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5 Effective ways for Educators to manage Dyslexia

Dyslexia, School for Dyslexia

My awakening to the challenges faced by students with Dyslexia occurred when I started my journey of working closely with them. Most students experience some challenge or the other during their school life, some might find certain academic topics challenging, while others struggle during an art class, but at the end of the day, they would find a way to surpass these hurdles and accomplish the task at hand. Students with Dyslexia, however, struggle with tasks like reading and experience great difficulty making sense of the words they read. This may affect not only their academics but also affect all kinds of everyday activities such as reading the menu at the diner or learning the rules of a new board game. Does this mean they are less intelligent or cannot function in a mainstream school? NO, but they require appropriate interventions and support to guide them to become successful readers and motivated learners.

  1. Make it multi-sensorial: Have you ever danced to help learn mathematics, sang a song to memorise a scientific definition, or painted in physical education? If you have, then you know what I am talking about. Such strategies involving more than two senses work like magic to help students with dyslexia learn and retain that learning. Using visual teaching techniques, as well as incorporating games that include text and/or pictures on paper, posters, videos, fingerspelling (spell or draw pictures in the sand trays or shaving cream) allows them to enhance their memory and learning of written language.For example, the educator can provide hands-on activities, such as building a 3-Dimensional map to enhance the lesson by allowing them to touch and see the concepts while they listen to the teacher explaining about it.
  2. Timed tasks are a nightmare: Yes, students with Dyslexia require time to not only re-read the content but to also process what they have read, therefore by giving them the accommodation of extra time, you are not just boosting their confidence, but also giving them an equal opportunity to achieve success like their peers. Repeated instructions, highlighting the keywords, and giving them short breaks in between a lengthy class increases their productivity and focus.
  3. Use handouts instead of copying from the board: Copying notes from the board is an incredibly challenging task for students with dyslexia as they often lose their place while reading and need to go back to the beginning. Instead, you could number points on both sides of the board to aid tracking.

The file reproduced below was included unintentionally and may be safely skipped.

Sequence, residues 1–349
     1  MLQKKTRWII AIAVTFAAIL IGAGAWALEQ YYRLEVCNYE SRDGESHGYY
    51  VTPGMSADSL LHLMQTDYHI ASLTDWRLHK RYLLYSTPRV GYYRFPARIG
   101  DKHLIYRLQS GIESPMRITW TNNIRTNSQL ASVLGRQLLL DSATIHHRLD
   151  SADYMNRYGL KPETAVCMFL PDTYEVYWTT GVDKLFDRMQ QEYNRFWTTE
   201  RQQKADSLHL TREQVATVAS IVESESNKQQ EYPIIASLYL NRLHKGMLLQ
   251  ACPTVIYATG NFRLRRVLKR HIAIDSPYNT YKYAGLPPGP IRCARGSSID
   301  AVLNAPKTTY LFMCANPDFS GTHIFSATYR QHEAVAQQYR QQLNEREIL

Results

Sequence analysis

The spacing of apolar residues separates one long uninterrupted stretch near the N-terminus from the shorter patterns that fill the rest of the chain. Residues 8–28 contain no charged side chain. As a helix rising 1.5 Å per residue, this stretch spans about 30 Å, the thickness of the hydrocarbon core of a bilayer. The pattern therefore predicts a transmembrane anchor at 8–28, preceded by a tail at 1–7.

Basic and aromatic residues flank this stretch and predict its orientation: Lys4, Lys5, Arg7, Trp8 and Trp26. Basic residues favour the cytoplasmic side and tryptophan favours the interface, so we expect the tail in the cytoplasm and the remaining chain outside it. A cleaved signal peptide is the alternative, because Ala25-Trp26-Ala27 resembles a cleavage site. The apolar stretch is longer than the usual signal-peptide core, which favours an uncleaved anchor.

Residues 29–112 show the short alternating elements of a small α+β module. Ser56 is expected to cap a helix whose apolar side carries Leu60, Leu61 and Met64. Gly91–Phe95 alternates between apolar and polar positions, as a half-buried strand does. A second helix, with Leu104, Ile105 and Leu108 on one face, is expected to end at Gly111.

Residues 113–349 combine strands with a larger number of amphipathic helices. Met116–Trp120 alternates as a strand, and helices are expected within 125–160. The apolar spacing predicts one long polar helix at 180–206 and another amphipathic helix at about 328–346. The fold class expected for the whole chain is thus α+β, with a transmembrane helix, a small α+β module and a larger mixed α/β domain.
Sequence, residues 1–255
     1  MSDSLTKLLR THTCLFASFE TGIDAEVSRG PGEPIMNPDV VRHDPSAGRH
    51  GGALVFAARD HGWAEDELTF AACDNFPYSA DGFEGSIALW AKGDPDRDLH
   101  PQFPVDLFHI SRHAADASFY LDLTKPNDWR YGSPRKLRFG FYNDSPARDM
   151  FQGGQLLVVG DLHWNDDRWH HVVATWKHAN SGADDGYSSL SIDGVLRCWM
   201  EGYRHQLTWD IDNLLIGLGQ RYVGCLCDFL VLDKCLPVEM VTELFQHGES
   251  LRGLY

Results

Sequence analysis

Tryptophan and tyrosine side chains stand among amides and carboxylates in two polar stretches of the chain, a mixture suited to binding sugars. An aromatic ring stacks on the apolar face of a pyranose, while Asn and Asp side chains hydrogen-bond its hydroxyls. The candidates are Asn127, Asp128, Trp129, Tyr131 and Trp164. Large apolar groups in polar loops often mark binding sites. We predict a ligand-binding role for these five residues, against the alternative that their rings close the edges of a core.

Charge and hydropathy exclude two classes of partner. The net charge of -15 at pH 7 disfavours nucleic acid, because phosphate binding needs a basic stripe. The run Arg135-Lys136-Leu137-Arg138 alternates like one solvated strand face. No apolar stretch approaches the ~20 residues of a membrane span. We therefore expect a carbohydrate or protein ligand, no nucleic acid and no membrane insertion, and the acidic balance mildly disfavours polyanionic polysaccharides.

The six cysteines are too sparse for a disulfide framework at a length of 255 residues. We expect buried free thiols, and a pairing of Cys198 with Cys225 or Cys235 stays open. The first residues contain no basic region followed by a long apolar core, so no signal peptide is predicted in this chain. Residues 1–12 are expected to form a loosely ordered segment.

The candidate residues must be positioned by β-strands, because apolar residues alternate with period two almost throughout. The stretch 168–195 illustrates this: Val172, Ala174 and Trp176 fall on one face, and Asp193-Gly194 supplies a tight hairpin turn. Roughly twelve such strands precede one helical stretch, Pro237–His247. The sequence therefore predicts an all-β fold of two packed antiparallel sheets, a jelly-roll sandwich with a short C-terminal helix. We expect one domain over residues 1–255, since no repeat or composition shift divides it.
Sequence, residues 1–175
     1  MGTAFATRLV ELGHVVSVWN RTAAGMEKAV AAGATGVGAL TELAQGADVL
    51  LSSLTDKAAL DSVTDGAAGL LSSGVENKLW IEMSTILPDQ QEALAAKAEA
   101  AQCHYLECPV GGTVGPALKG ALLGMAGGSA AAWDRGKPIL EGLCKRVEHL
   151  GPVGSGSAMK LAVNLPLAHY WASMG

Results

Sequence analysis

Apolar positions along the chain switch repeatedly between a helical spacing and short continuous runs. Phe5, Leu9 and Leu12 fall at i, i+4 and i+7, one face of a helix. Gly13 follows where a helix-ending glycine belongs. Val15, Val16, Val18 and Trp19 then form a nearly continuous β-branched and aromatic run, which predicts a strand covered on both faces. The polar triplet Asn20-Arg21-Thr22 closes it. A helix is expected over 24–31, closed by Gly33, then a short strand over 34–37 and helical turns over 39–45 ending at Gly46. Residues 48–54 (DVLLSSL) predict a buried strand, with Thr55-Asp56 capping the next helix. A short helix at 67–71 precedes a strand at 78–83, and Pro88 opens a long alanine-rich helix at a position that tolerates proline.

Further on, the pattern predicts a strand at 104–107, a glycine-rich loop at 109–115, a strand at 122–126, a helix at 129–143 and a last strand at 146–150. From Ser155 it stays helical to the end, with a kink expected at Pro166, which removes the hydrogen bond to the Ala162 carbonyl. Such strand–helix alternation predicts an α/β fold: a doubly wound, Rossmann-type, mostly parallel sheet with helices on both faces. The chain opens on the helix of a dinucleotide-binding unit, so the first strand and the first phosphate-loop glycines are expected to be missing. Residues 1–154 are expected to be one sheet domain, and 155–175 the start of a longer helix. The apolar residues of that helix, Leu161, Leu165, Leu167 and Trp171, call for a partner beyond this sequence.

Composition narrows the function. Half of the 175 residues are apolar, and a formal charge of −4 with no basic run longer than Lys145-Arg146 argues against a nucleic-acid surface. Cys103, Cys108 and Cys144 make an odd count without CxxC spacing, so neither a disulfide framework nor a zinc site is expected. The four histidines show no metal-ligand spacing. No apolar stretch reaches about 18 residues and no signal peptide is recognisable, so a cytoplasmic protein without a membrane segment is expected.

4. Utilize other resources: A simple yet extremely enjoyable method you can use to increase the reading ability of your struggling reader is ‘Paired Reading or Peer Reading’. It encourages them to work and support each other. Dyslexic students also benefit when they learn with alternate means such as listening to audiobooks, typing on a computer or tablet instead of writing, using gaming applications that can make the learning of decoding words, etc.
  5. Revamp the organizational structure: Class instructions such as “put your homework on my table”; “remove your pencil from the box”; “put your science book on your table”; and “sit upright”, all given at the same time highly confuses students with dyslexia and prevents them from responding appropriately. Therefore, give them step-by-step instructions and place them in front of you to provide them with a positive learning experience.

Also read: What are the types of Learning Disabilities in Children

Mnemonic to remember the above-given strategies: Multi-Sensorial – Ms. Time Task – Talented Teacher Handouts – Has Resources – Really Organizational Structure – Outstanding Students Thus, an understanding of the student’s specific difficulties, and how they may affect the student’s classroom performance, can enable the teacher to adapt teaching methods and strategies to help the dyslexic child to be successful in an integrated classroom environment. Dyslexic children, like all children, thrive on challenges and success. Author: Ms. Khushnavaz Bhathena Teaching Faculty – Junior School, The Aditya Birla Integrated School

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